Thomas E. Keane, MD

Thomas E. Keane, MD

Medical University of South Carolina

Charleston, South Carolina

Thomas E. Keane, MD, is Professor and Chairman of the Department of Urology at the Medical University of South Carolina in Charleston. Dr. Keane specializes in managing prostate, bladder, and renal cancers. An avid researcher, Dr. Keane has served as principal investigator or co-investigator on more than 20 major clinical and preclinical studies, funded by grants from the National Institutes of Health as well as industry-funded. Much of his work focuses on innovative concepts in translational research, including utilizing human tumor xenografts to investigate the efficacy of new therapies as they relate to GU malignancies with particular reference to cytotoxic agents, sphingolipids, and boron-containing compounds. He holds a United States patent for sphingolipid derivatives and their use. Dr. Keane’s research has led to publication of more than 100 articles peer-reviewed in such journals as The Journal of Urology, Urologic Oncology, and the Journal of Vascular Surgery. He provides editorial services to publications ranging from Urology to the International Journal of Cancer and is co-editor of the text Glenn’s Urologic Surgery, 6th, 7th, and 8th Editions. He is an accomplished speaker, having delivered many presentations to professional societies and symposia throughout the United States and abroad.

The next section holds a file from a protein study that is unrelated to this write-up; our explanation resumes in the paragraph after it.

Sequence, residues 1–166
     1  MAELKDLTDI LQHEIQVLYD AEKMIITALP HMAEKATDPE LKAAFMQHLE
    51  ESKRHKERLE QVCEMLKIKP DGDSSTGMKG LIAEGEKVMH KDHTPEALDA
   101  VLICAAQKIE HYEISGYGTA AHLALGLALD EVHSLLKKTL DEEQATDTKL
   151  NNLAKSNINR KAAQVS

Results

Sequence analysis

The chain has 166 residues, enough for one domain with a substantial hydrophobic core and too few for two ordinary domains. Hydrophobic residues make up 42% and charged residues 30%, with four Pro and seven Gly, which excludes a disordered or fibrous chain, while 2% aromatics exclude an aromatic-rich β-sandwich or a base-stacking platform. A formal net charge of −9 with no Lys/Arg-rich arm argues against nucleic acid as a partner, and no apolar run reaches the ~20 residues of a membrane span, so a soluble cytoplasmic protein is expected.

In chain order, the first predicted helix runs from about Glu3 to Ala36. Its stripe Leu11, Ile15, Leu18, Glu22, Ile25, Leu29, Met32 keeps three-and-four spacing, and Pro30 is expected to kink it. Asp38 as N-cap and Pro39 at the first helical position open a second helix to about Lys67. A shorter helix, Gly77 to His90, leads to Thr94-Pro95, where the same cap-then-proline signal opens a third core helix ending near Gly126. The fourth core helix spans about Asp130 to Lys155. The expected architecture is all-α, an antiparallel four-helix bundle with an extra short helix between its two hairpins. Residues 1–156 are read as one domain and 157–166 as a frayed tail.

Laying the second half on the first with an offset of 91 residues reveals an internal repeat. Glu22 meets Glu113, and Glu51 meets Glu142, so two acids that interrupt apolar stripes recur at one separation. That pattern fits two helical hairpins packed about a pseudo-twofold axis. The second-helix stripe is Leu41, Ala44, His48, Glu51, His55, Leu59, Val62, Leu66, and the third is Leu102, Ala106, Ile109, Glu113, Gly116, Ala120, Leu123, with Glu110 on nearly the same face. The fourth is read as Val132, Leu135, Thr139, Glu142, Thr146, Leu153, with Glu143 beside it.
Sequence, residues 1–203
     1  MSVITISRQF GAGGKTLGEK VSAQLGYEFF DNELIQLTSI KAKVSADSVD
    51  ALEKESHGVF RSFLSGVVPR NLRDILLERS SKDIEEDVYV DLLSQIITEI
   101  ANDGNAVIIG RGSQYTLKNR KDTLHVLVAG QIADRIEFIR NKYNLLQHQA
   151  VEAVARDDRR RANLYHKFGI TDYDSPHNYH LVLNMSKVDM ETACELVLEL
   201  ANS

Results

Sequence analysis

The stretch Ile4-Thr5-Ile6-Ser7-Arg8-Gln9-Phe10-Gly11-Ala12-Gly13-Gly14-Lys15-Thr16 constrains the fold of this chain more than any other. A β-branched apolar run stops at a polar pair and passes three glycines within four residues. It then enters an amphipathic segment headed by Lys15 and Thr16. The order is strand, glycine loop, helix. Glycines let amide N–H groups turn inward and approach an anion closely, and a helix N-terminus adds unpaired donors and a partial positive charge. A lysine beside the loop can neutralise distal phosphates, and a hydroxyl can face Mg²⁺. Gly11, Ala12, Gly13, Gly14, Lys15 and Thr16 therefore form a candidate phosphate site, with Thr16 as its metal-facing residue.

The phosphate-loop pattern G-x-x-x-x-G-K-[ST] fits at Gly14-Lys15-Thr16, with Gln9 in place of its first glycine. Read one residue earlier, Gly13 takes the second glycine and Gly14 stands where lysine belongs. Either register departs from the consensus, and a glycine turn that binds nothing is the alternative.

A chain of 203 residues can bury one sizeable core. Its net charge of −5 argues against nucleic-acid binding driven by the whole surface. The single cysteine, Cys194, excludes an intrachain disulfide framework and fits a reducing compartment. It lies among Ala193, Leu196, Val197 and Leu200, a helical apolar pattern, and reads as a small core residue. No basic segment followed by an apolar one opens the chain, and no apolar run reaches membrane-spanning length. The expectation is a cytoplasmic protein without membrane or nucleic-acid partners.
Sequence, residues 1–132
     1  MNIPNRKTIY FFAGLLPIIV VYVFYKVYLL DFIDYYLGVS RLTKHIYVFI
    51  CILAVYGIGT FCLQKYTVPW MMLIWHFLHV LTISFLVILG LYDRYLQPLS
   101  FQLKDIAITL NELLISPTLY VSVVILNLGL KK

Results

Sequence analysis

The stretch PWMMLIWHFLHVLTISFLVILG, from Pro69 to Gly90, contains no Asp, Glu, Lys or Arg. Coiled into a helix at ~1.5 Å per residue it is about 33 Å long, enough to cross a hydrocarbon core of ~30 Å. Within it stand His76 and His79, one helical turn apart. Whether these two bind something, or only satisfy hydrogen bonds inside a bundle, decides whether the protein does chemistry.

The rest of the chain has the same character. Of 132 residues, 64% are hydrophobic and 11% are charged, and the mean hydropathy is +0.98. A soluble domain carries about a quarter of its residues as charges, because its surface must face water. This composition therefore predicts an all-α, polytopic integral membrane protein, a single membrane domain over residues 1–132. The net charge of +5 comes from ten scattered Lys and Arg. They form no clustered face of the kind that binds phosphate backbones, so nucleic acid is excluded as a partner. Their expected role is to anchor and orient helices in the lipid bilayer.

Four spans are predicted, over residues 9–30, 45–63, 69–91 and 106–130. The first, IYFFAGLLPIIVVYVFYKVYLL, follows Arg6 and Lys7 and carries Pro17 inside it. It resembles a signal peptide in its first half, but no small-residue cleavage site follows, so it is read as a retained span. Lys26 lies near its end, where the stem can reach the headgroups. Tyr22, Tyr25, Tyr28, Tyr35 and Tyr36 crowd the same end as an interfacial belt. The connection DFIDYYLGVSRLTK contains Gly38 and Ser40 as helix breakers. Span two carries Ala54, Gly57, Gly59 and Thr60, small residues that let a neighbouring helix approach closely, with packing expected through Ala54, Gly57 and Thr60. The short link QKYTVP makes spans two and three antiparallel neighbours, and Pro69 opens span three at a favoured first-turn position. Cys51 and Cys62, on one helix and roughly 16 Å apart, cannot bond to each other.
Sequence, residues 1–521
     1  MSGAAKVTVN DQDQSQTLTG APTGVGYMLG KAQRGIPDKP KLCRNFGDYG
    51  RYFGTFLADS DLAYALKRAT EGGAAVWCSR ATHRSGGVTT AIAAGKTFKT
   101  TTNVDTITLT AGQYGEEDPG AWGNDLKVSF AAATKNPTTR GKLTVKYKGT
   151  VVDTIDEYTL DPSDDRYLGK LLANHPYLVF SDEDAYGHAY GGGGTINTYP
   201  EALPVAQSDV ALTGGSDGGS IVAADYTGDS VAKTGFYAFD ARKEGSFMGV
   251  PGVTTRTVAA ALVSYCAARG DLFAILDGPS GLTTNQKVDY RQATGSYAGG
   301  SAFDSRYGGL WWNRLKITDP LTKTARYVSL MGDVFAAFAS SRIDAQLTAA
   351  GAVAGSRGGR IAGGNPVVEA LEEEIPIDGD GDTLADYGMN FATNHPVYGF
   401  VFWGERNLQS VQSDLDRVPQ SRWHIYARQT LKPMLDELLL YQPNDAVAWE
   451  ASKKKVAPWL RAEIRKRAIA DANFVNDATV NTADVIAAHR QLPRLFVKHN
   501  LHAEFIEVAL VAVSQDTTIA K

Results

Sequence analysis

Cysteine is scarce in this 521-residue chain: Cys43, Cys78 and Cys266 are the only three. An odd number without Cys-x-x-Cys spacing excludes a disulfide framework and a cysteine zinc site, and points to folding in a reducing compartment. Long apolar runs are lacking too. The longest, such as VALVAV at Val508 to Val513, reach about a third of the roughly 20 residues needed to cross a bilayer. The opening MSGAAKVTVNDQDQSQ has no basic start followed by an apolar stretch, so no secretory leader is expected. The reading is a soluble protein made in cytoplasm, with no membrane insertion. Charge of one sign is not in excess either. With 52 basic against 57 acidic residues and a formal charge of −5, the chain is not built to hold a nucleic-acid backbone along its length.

Articles by Thomas E. Keane, MD

Timing of ADT with Chemotherapy in 2019

Thomas E. Keane, MD, reviews the data supporting and opposing the advancement of chemotherapy into the metastatic castration-sensitive prostate cancer (mCSPC) disease state. He then discusses a current trial introducing chemotherapy in patients prior to androgen deprivation therapy (ADT).

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Timing of ADT and Chemotherapy

Thomas E. Keane, MD, discusses how the current prostate cancer treatment paradigm is evolving. He argues for moving androgen deprivation therapy (ADT) upfront in a patient’s treatment, but also acknowledges this approach could potentially hinder responsiveness to second-line therapies.

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